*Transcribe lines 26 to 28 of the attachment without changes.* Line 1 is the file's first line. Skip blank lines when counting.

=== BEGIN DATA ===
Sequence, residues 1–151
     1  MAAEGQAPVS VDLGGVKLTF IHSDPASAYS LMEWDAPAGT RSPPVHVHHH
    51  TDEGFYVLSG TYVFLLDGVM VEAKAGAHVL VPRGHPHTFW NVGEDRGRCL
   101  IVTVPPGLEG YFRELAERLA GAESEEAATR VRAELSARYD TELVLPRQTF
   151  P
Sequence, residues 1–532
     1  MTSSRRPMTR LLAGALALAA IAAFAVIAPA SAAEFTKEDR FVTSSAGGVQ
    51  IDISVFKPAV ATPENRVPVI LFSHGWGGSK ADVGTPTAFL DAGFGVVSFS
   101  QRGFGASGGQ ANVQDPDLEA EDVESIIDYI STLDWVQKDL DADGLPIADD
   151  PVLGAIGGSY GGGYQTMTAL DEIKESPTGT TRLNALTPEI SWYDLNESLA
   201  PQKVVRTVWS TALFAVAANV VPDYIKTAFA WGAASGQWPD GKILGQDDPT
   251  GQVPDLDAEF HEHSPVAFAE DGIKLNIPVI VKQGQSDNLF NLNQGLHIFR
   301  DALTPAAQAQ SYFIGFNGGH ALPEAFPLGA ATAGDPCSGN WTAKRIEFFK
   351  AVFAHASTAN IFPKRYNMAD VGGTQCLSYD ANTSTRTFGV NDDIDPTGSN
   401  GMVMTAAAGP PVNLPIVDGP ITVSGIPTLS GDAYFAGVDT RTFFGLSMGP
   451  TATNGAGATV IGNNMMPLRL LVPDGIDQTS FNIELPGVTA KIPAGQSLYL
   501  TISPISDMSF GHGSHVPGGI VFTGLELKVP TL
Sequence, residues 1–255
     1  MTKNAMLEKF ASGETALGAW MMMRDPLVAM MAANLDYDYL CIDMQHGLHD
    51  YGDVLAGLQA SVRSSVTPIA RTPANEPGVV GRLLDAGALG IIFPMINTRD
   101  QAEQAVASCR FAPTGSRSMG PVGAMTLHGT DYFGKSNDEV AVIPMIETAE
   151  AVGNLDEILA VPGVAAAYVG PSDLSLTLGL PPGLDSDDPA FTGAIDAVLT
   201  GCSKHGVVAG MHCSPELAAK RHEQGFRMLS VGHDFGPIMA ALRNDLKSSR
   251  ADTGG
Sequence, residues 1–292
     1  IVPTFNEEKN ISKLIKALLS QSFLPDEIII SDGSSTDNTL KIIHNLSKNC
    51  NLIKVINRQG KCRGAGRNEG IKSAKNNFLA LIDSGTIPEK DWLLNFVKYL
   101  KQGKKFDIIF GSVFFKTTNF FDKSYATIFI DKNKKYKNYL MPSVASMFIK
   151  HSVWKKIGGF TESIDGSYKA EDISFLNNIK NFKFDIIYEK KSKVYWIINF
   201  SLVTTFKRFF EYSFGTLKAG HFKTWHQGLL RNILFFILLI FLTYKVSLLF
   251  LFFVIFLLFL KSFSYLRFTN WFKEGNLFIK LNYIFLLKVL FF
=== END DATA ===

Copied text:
     1  IVPTFNEEKN ISKLIKALLS QSFLPDEIII SDGSSTDNTL KIIHNLSKNC
    51  NLIKVINRQG KCRGAGRNEG IKSAKNNFLA LIDSGTIPEK DWLLNFVKYL
   101  KQGKKFDIIF GSVFFKTTNF FDKSYATIFI DKNKKYKNYL MPSVASMFIK